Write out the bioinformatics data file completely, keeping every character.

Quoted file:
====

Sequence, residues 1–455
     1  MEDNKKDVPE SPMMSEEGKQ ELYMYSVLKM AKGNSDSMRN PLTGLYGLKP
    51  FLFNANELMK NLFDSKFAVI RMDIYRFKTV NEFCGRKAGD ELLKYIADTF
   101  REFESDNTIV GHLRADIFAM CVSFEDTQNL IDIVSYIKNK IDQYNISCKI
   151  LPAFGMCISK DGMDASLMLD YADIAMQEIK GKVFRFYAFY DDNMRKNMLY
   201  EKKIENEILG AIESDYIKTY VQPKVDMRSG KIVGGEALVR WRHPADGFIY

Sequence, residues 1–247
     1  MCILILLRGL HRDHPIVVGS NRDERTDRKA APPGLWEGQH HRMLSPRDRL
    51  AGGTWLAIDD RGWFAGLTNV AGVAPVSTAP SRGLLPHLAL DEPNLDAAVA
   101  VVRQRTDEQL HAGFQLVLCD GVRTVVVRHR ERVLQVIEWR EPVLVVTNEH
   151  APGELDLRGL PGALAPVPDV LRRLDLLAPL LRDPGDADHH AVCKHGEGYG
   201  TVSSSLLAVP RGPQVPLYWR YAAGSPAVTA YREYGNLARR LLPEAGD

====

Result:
Sequence, residues 1–455
     1  MEDNKKDVPE SPMMSEEGKQ ELYMYSVLKM AKGNSDSMRN PLTGLYGLKP
    51  FLFNANELMK NLFDSKFAVI RMDIYRFKTV NEFCGRKAGD ELLKYIADTF
   101  REFESDNTIV GHLRADIFAM CVSFEDTQNL IDIVSYIKNK IDQYNISCKI
   151  LPAFGMCISK DGMDASLMLD YADIAMQEIK GKVFRFYAFY DDNMRKNMLY
   201  EKKIENEILG AIESDYIKTY VQPKVDMRSG KIVGGEALVR WRHPADGFIY

Sequence, residues 1–247
     1  MCILILLRGL HRDHPIVVGS NRDERTDRKA APPGLWEGQH HRMLSPRDRL
    51  AGGTWLAIDD RGWFAGLTNV AGVAPVSTAP SRGLLPHLAL DEPNLDAAVA
   101  VVRQRTDEQL HAGFQLVLCD GVRTVVVRHR ERVLQVIEWR EPVLVVTNEH
   151  APGELDLRGL PGALAPVPDV LRRLDLLAPL LRDPGDADHH AVCKHGEGYG
   201  TVSSSLLAVP RGPQVPLYWR YAAGSPAVTA YREYGNLARR LLPEAGD